It was getting more and more difficult to dine like the aristocrat he was; these mortals were all over his ass like a bad case of hemorrhoids, and the outcome was always the same: run like the wind before he could even imbibe one drop of the precious sweet elixir.

He had plenty of money. The Swiss bank in which he had deposited his vast family fortune had increased his wealth tenfold. His nocturnal gypsy-like existence had forced him to invest in numerous real estate holdings, because the cursed peasants were continually burning his house down, and he always needed another to run to.

After each debacle, of course, he would quietly order his bankers to sell the land, which invariably netted a very tidy profit, and in this way he had steadily doubled his fortune again. It was the strange irony of evil, and the more he stared at his monthly bank statements the more he craved release from hatred and derision.

As he ran through the forest, wet branches and leaves slapped against his face and hands. Behind him he could hear wolfhounds howling amid voices shouting curses intended to strike him dead, and as he got closer to the quaint little glade where his farmhouse stood, he realized that once again the damned peasants had torched his lair.

The raging fire threw sparks, flames, and billowing smoke into the air as he burst through the edge of the forest, ran up the path, and disappeared into the blazing doorway. He thought not of himself but of the one faithful mortal who had stuck with him through thick and thin: his trusted Igor. Holding the damp sleeve of his coat to his mouth, and dodging burning debris, he made his way to the study. There his eye met the cruel vision of his manservant trapped beneath a burning beam, and a wave of sadness washed over him.

Igor’s shaven head poked out through shards of charred wood and the tattoos that adorned every inch of his skin seemed to glow in the firelight.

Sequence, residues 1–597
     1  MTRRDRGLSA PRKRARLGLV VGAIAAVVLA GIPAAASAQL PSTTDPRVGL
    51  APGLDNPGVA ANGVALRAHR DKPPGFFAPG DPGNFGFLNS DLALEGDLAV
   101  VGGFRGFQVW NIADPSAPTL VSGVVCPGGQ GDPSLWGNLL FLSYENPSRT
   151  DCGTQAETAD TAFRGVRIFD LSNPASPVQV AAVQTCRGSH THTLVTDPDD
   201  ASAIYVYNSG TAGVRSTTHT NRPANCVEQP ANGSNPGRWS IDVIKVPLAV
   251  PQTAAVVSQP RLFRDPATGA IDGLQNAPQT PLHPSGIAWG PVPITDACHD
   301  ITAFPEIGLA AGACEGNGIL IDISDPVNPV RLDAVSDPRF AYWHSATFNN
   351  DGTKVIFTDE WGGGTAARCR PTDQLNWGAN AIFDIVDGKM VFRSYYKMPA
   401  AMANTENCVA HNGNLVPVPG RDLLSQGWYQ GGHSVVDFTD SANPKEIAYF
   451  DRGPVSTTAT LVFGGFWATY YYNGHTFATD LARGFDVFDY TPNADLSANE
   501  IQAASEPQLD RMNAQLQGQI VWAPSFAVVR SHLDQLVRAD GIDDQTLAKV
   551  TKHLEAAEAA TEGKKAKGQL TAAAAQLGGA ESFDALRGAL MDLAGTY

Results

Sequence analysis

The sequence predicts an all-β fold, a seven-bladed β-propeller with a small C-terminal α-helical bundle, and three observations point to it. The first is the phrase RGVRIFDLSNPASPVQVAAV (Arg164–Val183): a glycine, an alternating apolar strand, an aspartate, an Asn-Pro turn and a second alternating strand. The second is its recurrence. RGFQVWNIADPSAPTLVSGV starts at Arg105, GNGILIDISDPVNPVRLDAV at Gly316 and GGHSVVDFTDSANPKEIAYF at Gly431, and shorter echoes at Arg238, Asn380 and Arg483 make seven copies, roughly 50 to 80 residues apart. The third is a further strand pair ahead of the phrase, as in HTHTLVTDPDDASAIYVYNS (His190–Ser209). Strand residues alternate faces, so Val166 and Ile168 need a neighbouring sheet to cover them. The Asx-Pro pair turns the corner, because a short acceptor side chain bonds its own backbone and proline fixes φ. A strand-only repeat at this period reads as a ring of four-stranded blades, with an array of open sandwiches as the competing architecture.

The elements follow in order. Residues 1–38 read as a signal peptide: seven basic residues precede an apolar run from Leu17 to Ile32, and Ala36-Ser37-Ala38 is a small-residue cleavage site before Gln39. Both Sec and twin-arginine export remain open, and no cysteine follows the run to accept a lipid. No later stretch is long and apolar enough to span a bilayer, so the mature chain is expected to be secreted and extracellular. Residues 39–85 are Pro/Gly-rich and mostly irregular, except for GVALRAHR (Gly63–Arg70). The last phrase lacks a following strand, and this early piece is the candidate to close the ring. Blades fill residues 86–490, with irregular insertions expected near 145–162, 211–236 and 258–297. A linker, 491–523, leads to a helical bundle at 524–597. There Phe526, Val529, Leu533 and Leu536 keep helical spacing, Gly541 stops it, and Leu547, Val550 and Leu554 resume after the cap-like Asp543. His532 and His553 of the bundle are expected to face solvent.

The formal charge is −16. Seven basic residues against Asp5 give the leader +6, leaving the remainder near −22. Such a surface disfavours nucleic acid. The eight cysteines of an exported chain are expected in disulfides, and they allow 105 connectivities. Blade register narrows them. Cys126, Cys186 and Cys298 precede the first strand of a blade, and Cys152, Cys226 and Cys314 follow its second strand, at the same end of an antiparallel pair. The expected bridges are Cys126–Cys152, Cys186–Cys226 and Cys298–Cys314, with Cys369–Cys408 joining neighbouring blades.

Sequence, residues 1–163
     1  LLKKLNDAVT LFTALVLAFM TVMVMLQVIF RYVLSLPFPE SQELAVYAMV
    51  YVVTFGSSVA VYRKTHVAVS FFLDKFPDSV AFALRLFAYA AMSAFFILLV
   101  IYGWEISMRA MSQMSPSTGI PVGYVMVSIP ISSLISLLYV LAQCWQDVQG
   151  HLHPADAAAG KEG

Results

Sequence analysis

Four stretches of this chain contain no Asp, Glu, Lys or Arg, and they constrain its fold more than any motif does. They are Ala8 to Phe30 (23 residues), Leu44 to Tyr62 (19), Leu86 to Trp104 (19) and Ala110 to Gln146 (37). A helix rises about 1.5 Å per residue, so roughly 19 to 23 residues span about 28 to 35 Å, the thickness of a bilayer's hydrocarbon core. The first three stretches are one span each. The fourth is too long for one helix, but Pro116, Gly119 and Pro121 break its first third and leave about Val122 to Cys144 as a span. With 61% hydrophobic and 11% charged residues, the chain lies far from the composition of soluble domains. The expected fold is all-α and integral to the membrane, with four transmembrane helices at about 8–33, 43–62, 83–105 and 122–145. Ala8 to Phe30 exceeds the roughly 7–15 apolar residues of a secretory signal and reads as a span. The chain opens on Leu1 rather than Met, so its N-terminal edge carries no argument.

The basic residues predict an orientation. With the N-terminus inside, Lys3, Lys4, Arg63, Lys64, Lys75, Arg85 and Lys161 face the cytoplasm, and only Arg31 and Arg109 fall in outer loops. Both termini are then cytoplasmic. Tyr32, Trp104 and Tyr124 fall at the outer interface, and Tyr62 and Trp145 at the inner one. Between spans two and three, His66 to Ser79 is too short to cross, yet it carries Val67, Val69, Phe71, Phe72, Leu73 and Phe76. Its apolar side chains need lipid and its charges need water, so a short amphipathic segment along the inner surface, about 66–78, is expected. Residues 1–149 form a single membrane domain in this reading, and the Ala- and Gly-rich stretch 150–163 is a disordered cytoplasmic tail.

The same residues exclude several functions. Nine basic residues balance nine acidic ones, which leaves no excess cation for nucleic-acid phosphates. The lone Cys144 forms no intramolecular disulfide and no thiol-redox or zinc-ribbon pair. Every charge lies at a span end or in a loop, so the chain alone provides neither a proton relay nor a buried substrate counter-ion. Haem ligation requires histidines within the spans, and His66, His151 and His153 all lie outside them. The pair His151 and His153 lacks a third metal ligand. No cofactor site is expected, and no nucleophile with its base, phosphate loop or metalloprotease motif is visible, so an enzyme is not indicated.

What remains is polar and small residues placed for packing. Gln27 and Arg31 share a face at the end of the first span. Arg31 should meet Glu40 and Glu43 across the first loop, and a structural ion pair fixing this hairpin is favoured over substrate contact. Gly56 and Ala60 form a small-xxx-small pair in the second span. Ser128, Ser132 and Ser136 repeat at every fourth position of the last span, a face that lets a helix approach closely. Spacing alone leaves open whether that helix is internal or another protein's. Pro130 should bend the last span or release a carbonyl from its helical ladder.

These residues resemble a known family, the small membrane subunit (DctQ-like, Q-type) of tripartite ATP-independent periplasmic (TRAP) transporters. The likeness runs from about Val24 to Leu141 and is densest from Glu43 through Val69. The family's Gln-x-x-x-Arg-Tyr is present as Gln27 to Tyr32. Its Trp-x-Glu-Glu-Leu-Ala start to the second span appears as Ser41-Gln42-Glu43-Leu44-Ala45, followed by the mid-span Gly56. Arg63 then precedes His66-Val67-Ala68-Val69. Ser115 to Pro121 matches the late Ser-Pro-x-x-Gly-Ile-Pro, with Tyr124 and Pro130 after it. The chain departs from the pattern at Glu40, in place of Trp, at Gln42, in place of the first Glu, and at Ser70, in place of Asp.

“Igor, my poor Igor, dead too soon,” cried the Count, kneeling beside the lifeless form. He swept debris from the short stocky body, remembering how simple the man was, how compassionate, and loyal.

“I’m not quite dead, sir,” said a voice through a cloud of smoke, “I’m just stuck under this bloody beam.” The Count stared down at the startled wild eyes that shone from the tattooed face.

“Trusted friend, faithful servant, what can I do for you?” he asked helplessly, extending his hand.

“Save yourself, sir,” Igor said bravely.

“No, Igor, this is the end. I shall perish with you, and extinguish my evil ways forever in this purifying fire.”

“I appreciate the gesture, sir, but you can’t do that, you’ve got an eternity ahead of you. Just think of all the things you’d miss!”

“No, this curse I bear is a wretched existence. I can’t enjoy my money, and I certainly can’t go anywhere, it must end.”

“You could do something about it, sir,” Igor wheezed, “if you’re sincere about giving up your evil ways.”

“I am, I am,” the Count lamented. “It’s very depressing, every time I stop somewhere for a light snack people go crazy, and they’re always so vicious.”

“I’ve heard of a place, sir, a land of the free where you can hold your head up high in dignity.”

The Count was intrigued. “But Igor, where is this place? Tell me, and we shall be away.”

“No, it’s not for me, sir,” he coughed, “and anyway, the villagers will save me, they always do.”